The result is a delightful mish-mash of dishes such as Cotonou honey beans with dried tomato and chilli sauce, traditional Jollof rice and their signature Monika fish.
You’ll find 805 Restaurants at 805 Old Kent Road, London, SE15 1NX. Nearest stations are New Cross Gate and Queen’s Road Peckham.
9. The Bash
Whipping up a whole host of freshly-prepared Congolese grub, this welcoming Tottenham favourite is a must-visit spot if you’re in this neck of the woods.
Their salt fish is supremely tasty – as is their grilled tilapia and fried steak – and they have a range of sides you can pair with whatever dish you choose. For something really traditional, go for the stewed beans at The Bash, or get slurping on an Egusi soup – a rich and savoury West African staple which is made up of ground melon or white pumpkin seeds.
You’ll find The Bash at 71–73 West Green Road, South Tottenham, London, N15 5DA. Nearest station is Seven Sisters.
10. The Village
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This community-run spot is a cultural epicentre for London’s Somali community, and this is reflected in its selection of food on offer.
A rustic, down-to-earth spot, The Village combines Italian fare with traditional Somali cuisine – a reflection of Somalia’s inclusion in Italian East Africa. Dishes include lamb shoulder with Somali corn maize, chicken breast with – wait for it – linguine, Somali fava beans and a mildly spicy sambusa served on a bed of crispy salad with a chilli dip.
For pudding, don’t miss out on delicious boiled date cake served with vanilla ice cream. Washed down with a traditional coffee or a fruit smoothie – the restaurant is alcohol-free – and you’ve got yourself a meal to remember.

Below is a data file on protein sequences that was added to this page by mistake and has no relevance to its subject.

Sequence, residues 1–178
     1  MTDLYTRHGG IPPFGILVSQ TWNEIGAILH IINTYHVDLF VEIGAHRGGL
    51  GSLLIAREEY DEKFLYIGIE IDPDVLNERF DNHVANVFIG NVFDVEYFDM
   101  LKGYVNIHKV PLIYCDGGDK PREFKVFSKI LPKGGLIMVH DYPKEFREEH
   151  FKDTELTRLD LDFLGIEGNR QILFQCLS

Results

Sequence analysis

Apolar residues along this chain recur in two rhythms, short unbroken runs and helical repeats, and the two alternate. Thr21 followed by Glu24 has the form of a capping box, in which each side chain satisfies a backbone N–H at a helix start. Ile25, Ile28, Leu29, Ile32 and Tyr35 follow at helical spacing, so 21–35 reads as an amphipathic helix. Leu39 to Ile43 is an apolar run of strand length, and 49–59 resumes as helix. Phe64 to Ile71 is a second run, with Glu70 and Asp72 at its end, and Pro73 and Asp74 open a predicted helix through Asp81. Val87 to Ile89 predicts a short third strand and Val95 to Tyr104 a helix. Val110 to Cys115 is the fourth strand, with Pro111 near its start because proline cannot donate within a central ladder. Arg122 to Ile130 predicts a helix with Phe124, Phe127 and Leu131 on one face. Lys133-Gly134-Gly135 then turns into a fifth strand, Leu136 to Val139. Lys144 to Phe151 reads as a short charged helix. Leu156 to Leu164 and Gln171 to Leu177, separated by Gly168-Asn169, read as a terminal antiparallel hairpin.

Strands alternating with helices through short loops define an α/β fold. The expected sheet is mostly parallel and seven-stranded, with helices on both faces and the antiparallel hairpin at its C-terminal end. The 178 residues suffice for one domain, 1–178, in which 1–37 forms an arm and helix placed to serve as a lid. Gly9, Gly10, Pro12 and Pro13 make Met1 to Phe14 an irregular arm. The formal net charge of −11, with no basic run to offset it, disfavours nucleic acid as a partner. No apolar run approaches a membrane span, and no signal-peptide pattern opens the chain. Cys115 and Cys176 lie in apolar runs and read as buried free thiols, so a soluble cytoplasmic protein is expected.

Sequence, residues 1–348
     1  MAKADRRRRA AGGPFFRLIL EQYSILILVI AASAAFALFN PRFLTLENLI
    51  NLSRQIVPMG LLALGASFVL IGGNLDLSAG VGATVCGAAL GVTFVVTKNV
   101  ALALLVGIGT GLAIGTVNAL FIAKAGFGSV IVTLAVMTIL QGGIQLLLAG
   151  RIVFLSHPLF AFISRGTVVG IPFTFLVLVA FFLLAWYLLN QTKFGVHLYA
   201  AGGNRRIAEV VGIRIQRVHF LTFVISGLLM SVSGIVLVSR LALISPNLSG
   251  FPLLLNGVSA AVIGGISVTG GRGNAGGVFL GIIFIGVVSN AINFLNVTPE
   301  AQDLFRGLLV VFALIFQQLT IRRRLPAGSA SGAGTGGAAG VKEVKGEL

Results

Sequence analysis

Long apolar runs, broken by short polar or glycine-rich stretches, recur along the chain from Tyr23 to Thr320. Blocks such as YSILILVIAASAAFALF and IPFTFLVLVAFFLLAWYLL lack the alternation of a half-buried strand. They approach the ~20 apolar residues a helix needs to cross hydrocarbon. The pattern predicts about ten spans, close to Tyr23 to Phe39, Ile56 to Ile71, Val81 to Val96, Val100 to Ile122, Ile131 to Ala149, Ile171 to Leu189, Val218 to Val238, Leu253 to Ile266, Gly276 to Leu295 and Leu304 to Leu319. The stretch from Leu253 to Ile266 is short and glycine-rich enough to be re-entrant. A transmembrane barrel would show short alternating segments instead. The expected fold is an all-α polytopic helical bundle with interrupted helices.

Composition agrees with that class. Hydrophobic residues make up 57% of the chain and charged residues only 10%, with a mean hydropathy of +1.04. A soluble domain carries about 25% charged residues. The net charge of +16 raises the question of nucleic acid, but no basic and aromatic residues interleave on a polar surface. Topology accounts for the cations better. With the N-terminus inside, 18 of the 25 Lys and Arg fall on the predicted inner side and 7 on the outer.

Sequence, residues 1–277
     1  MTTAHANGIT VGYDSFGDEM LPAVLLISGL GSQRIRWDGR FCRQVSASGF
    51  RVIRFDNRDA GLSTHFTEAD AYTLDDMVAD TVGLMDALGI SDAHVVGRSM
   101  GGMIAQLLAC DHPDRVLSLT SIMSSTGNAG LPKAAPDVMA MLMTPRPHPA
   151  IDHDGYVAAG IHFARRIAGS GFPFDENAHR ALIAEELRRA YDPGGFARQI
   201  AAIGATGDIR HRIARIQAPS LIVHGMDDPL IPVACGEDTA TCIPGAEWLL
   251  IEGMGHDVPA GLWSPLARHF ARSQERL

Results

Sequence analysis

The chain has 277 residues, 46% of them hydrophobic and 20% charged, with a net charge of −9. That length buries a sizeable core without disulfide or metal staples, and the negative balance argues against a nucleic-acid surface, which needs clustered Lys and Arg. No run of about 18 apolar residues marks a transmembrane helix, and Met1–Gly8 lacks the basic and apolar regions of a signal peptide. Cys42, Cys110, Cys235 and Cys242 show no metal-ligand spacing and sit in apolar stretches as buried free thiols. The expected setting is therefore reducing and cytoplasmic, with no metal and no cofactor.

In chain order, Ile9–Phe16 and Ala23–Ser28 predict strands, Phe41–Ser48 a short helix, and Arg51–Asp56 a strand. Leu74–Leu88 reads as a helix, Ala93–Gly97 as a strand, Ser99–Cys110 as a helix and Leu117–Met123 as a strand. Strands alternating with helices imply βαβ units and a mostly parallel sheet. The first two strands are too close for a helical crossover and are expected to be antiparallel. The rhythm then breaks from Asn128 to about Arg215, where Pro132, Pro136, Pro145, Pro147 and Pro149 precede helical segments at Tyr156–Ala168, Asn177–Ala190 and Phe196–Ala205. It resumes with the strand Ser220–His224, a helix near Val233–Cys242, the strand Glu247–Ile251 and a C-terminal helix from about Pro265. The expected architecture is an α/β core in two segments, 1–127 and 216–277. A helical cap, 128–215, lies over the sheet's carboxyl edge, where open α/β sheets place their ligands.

You’ll find The Village at 95 Fulham Palace Road, London, W6 8JA. Nearest station is Hammersmith.
Preparing dishes from across the diverse culinary culture of Nigeria, Enish brings you a real taste of the country and adds a special twist to some of the nation’s favourite dishes.
There are six branches dotted across the city – Brixton, Old Kent Road, Lewisham, Croydon, Finchley Road and Ilford – and each one whips up an incredible range of flavoursome fare.
From Jollof rice to lamb suya – a succulent dish of diced lamb mixed with an array of hot spices, garnished off with tomatoes and onions – there really is something for everyone here, and a reason why we had to include this one in our list of the best African restaurants in London. They’re also known to throw a good party, and have hosted nights for some of the biggest Nigerian artists and DJs.
You’ll find Enish at various different locations around the city. You can find out more via their website.
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Though this one is technically cheating as it hasn’t officially opened yet, we couldn’t round-off this list of the best African restaurants in London without mentioning Tatale.
Opening later this Spring, it’s the brainchild of celebrated chef Akwasi Brenya-Mensa, who’s already made a name for himself with his famous supper clubs.
The idea behind this new spot in The Africa Centre is to capture the spirit of traditional Ghanaian ‘chop bars’ – an integral part of West African cuisine and ultimately, Pan-African culture.
In terms of the food, you’re gonna be in for a real treat here, with jollof couscous served with mushrooms, shito and a red stew and cassavas bravas both taking centre stage. Those with a sweet tooth will be able to tuck into tasty plantain cheesecake and pineapple tequila sorbet. Sounds pretty darn good to us…
You’ll find Tatale at The Africa Centre, 66 Great Suffolk Street, London, SE1 0BL. Nearest station is Southwark.